Effects of Zn depletion on the mechanical properties were ascertained by comparing hardness and modulus profiles across jaw sections before and after metal chelation. Three sets of mechanical measurements (in water) and the corresponding EDS maps are shown in Fig. 5. In the untreated jaws (Fig. 5A,D), the properties are relatively uniform across the section(as noted earlier). In contrast, following metal chelation, both the modulus and hardness are reduced significantly in those regions devoid of Zn(Fig. 5B,D). The average values in the latter regions are E=3.72±1.11 GPa and H=0.18±0.06 GPa: less than 1/3 of the values measured prior to treatment. Paired student t tests demonstrate that the differences are statistically significant. Considerably smaller reductions in properties were obtained in the near-surface regions, consistent with the slight Zn loss evident in the SIMS measurements. Similar measurements on control samples(treated with buffered Tris only) showed no significant change in properties(supplementary material, Table S1).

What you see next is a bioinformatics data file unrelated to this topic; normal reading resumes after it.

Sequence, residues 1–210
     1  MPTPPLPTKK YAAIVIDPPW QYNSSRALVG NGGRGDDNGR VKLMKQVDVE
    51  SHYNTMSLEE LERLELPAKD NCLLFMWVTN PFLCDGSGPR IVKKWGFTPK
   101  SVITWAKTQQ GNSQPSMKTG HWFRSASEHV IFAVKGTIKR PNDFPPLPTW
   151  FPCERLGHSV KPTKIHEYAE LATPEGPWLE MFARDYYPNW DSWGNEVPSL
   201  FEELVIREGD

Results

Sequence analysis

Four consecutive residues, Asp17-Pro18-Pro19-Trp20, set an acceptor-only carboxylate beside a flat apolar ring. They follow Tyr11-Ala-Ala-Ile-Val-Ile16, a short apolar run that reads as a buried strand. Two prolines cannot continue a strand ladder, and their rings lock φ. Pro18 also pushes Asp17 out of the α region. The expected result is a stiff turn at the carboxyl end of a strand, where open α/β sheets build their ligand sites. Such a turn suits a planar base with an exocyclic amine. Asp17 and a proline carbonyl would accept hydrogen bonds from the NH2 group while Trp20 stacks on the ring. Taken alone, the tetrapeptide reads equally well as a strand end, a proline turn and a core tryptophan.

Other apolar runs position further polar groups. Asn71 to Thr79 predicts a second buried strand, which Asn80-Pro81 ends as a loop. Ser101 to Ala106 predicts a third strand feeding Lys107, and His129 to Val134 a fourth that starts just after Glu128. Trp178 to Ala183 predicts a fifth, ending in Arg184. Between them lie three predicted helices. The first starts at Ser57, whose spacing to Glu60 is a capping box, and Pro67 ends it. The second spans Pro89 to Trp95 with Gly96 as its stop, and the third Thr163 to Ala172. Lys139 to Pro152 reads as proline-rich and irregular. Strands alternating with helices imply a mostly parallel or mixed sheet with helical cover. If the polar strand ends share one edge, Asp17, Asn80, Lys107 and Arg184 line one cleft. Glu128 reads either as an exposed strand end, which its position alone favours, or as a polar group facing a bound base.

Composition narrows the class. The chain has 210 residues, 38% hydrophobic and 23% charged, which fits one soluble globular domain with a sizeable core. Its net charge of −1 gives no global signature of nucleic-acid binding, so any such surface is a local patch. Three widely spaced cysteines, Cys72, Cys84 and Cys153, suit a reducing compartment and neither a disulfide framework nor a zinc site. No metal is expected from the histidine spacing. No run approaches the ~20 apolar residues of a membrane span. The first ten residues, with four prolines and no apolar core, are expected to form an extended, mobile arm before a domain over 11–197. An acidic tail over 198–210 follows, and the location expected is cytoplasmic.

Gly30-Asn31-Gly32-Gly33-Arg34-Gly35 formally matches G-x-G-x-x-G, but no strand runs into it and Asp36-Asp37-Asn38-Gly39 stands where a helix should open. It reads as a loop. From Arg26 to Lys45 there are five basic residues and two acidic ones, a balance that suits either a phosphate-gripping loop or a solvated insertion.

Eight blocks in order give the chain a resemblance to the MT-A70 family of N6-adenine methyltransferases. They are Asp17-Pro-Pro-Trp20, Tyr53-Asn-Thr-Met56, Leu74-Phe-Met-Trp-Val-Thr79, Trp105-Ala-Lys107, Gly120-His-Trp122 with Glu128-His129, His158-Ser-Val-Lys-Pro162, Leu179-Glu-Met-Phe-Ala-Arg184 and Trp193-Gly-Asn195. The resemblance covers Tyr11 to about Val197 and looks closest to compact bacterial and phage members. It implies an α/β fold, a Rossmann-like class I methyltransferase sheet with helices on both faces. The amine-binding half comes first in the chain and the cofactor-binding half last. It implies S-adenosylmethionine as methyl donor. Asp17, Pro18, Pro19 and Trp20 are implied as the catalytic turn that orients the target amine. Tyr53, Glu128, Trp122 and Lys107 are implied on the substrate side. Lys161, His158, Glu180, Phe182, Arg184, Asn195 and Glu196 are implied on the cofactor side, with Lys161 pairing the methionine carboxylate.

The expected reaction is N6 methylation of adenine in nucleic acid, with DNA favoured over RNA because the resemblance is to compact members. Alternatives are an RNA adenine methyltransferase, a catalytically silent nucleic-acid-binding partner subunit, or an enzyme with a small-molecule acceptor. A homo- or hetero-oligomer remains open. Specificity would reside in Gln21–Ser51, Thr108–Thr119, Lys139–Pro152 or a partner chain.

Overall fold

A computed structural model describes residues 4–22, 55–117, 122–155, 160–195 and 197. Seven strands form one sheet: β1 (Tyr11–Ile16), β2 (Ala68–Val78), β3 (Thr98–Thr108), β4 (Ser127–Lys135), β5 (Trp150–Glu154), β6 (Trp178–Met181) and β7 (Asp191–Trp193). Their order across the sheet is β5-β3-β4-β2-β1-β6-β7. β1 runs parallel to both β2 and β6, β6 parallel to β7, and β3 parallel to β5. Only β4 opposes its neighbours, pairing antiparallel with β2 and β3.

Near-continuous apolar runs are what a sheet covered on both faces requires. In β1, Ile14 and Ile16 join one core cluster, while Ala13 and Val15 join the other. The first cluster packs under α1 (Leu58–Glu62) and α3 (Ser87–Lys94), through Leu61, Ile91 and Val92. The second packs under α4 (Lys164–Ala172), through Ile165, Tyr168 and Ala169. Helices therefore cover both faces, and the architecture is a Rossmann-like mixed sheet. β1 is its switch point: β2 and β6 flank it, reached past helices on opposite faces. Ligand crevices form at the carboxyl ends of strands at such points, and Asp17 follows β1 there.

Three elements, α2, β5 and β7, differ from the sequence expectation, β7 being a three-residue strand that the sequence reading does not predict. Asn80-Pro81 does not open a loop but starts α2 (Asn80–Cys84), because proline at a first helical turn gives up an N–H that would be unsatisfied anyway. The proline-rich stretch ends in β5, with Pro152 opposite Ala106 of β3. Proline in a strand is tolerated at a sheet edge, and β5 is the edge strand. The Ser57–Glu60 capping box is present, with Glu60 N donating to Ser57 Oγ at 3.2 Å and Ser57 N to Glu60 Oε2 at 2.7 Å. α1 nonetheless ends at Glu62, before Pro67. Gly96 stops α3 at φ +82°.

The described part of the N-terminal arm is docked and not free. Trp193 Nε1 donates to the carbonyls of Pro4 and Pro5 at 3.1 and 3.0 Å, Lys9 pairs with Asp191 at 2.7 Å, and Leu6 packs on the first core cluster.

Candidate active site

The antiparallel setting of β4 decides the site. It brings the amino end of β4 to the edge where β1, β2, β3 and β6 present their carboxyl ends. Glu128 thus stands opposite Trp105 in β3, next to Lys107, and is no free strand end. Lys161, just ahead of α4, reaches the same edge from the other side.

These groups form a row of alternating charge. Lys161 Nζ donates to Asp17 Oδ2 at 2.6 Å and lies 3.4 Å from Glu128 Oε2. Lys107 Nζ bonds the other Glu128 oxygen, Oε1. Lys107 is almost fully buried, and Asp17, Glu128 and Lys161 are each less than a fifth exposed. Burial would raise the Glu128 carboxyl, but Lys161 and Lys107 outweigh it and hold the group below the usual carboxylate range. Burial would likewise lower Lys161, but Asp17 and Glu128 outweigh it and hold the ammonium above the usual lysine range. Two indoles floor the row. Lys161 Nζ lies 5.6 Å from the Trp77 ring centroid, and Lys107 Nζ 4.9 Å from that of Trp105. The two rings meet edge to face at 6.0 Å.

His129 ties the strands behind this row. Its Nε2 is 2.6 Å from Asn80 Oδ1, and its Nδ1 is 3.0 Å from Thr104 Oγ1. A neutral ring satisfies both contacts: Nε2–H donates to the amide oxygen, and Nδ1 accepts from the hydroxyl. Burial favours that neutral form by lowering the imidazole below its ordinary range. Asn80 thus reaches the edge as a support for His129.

The potential for reversing the property degradation caused by Zn removal was probed by soaking the chelated samples in 100 mmol l-1ZnCl2 for 72 h and repeating the nanoindentation measurements. Significant (although somewhat incomplete) restorations of both Zn and Cl were evident in the EDS measurements (Fig. 5C). Concomitantly, both the modulus and the hardness were restored to a significant fraction of their initial levels(Fig. 5D). The lack of full recovery may be due to an inability to fully reconstitute available coordination sites over the duration of the soak. Nevertheless, the results clearly demonstrate the reversible nature of the hardening associated with the Zn. These data provide conclusive evidence that Zn binding is critical for the observed measured hardness and stiffness in Nereis jaws.